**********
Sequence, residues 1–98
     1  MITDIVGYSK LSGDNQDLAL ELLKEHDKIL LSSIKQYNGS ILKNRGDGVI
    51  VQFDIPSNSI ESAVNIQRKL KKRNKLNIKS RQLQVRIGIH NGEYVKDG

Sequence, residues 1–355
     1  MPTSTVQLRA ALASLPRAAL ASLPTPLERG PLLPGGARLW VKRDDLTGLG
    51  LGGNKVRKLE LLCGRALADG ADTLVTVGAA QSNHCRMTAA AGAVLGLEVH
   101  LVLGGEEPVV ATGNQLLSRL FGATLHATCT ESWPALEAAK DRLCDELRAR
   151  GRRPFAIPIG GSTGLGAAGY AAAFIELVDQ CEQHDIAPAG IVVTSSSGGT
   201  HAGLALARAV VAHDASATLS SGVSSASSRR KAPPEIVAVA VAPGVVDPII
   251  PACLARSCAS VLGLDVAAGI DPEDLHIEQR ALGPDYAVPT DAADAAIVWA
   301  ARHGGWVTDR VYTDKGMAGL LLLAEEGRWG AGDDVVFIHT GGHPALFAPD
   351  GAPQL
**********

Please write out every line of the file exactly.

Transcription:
Sequence, residues 1–98
     1  MITDIVGYSK LSGDNQDLAL ELLKEHDKIL LSSIKQYNGS ILKNRGDGVI
    51  VQFDIPSNSI ESAVNIQRKL KKRNKLNIKS RQLQVRIGIH NGEYVKDG

Sequence, residues 1–355
     1  MPTSTVQLRA ALASLPRAAL ASLPTPLERG PLLPGGARLW VKRDDLTGLG
    51  LGGNKVRKLE LLCGRALADG ADTLVTVGAA QSNHCRMTAA AGAVLGLEVH
   101  LVLGGEEPVV ATGNQLLSRL FGATLHATCT ESWPALEAAK DRLCDELRAR
   151  GRRPFAIPIG GSTGLGAAGY AAAFIELVDQ CEQHDIAPAG IVVTSSSGGT
   201  HAGLALARAV VAHDASATLS SGVSSASSRR KAPPEIVAVA VAPGVVDPII
   251  PACLARSCAS VLGLDVAAGI DPEDLHIEQR ALGPDYAVPT DAADAAIVWA
   301  ARHGGWVTDR VYTDKGMAGL LLLAEEGRWG AGDDVVFIHT GGHPALFAPD
   351  GAPQL